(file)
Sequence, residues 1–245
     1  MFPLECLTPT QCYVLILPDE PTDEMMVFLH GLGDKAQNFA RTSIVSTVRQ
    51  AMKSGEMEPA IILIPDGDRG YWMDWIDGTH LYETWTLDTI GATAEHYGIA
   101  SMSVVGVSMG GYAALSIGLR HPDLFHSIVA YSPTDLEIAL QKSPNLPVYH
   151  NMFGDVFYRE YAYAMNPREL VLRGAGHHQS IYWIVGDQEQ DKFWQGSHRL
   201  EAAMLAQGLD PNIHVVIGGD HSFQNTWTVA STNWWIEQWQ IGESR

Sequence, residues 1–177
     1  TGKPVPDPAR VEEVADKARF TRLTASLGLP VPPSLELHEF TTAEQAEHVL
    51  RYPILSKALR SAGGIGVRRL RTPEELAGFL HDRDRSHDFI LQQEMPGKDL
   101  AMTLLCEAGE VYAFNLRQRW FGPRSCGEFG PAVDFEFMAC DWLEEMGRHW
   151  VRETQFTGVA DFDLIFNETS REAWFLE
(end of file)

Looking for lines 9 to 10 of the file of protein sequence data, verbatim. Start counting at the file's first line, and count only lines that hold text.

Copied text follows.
    51  RYPILSKALR SAGGIGVRRL RTPEELAGFL HDRDRSHDFI LQQEMPGKDL
   101  AMTLLCEAGE VYAFNLRQRW FGPRSCGEFG PAVDFEFMAC DWLEEMGRHW